March is that time of year when all things turn Irish. Even Easter, if it arrives early!
Food, such as this, once had a purpose. A real purpose. It was meant for sopping into hearty stews to mop up rich gravy; dipping into bacon grease after frying eggs and bacon; soaking into soups. The dense, interior texture with the crisp, chewy, outer crust, deliciously withstood such gastronomical rigors and acrobatics. Try doing any of the above with a simple piece of white bread...and it just falls apart.
Since Irish soda bread only uses four ingredients, it was simple to quickly assemble and to have ready for supper.
Refined, soft, white flour was not a staple of Irish homesteads 150 years ago. Their flour was coarsely ground with flecks of bran. Even back then, "the white stuff" was reserved for the wealthy.
The following recipe uses bread flour with a higher concentration of glutens and less "silkiness" of white flour which will make your bread crumble as you cut it. To achieve the "coarseness," I added one cup of rye flour.
It's important not to overwork your dough. Don't worry if some of the flour remains in the bowl. Do not add any sweetener, such as brown sugar, white sugar, honey. You want the earthy grain tones in the forefront.
Some recipes call for flouring a non-greased pan before baking. Don't. There's nothing worse than the flavor of burnt flour. Use a sheet of parchment paper.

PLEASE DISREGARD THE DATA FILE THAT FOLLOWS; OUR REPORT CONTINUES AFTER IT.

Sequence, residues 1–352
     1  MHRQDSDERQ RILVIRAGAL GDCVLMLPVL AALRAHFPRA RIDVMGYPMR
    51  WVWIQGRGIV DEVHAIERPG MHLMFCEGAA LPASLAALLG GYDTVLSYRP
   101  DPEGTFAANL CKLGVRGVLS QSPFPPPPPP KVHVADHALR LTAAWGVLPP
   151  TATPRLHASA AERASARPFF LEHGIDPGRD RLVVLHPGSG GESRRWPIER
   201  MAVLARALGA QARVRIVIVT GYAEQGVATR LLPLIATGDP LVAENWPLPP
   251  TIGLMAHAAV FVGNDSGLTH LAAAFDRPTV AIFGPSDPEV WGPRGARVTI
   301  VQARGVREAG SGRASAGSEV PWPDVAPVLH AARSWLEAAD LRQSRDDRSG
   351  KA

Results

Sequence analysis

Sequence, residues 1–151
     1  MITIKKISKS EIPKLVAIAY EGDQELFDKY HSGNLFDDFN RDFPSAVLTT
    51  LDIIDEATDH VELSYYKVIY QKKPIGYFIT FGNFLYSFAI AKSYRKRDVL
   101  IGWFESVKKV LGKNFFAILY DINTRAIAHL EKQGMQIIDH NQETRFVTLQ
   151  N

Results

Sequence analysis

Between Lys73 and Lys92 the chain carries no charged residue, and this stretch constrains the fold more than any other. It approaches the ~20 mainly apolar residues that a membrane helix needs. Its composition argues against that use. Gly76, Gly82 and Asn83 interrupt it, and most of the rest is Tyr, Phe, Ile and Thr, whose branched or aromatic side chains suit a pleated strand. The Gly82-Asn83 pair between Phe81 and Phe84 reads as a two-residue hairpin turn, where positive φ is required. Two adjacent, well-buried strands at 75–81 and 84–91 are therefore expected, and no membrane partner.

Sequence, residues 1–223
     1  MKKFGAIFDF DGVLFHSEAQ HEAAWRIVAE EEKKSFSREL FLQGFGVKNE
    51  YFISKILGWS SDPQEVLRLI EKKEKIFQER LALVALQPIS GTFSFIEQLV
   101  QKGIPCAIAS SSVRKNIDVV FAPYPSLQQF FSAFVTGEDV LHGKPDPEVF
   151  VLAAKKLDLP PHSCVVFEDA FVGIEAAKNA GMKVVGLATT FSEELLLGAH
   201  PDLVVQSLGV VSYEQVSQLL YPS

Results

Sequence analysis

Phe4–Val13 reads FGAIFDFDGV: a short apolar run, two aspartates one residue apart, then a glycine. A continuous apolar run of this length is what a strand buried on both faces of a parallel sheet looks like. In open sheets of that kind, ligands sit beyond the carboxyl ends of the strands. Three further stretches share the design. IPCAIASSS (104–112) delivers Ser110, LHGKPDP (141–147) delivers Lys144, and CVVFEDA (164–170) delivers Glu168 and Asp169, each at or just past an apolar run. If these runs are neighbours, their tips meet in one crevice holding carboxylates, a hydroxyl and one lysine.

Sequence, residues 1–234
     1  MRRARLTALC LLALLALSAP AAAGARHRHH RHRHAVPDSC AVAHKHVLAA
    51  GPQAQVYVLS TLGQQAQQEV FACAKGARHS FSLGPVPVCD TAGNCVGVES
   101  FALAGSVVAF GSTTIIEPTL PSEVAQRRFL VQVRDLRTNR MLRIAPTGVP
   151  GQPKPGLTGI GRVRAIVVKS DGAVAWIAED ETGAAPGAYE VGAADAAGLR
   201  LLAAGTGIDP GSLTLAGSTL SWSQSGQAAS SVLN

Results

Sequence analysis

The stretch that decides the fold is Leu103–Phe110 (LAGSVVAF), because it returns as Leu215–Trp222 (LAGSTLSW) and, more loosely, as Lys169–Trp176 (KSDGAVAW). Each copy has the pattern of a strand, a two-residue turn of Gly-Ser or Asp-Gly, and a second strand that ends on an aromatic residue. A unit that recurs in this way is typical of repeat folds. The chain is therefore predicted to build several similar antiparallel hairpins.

This loaf will produce a tender-chewy outer crust and hearty interior. DO NOT, under any circumstances, attempt to cut this or any loaf of bread while it is hot from the oven. Once removed from the oven, it's important for the bread to "steam." Cutting it, releases that steam which results in a dry loaf.
Even one-day old and wrapped in cling-wrap, the bread will retain a toned-down crispy crust. It makes for wonderful sandwiches.
- 2 1/2 cups bread flour mixed with 1 cup rye flour for a total of 16 ounces*
- 3/4 teaspoon baking soda
- scant 1/4 teaspoon baking powder
- 1 teaspoon all-purpose salt
- 1 3/4 cup buttermilk (be sure to shake it before using) plus 1-2 tablespoons set aside
You will need a LARGE bowl for the mixing.
Place dry ingredients in a bowl. Using your hand, whisk your fingers through the flour to incorporate salt and soda.
Make a well in the center and pour in the buttermilk.
Make your hand into a "claw" with outstretched fingers and begin mixing in a circular motion from the center to the outside of the bowl. Yes, it's messy. This should take no more than 15 seconds or so. If necessary add another tablespoon or two of buttermilk.
Tip the dough onto a flour-covered board. Begin shaping by cupping the mound of dough between your palms as you turn turn turn on the board to form a soft ball. Tuck under any loose ends.
Gently pat the ball to form into a seven-inch circle. You want a disk about 1 1/2 - 2 inches thick. Place disk on a parchment-paper baking sheet. Brush with additional buttermilk.
It is traditional to "bless" the bread by cutting a cross into it about 1/2 inch deep. Make a slash in each quadrant to allow "the evil fairies to escape" so the bread has a nice rise as it bakes.
Place in center of a 450 F degree oven and bake for 15 minutes. Lower heat to 400 and continue to bake another 15-20 minutes.
Turn over bread and continue to bake another 5-10 minutes or until it sounds hollow when tapped.
*Or 2 1/2 cups all-purpose flour and 1 cup whole-wheat flour or rye flour for a total of 16 ounces.
"Americanized" Irish soda breads are sweet with the addition of sugar, eggs and dried fruit. That recipe can be found here: Kitchen Bounty: Irish Soda Bread.
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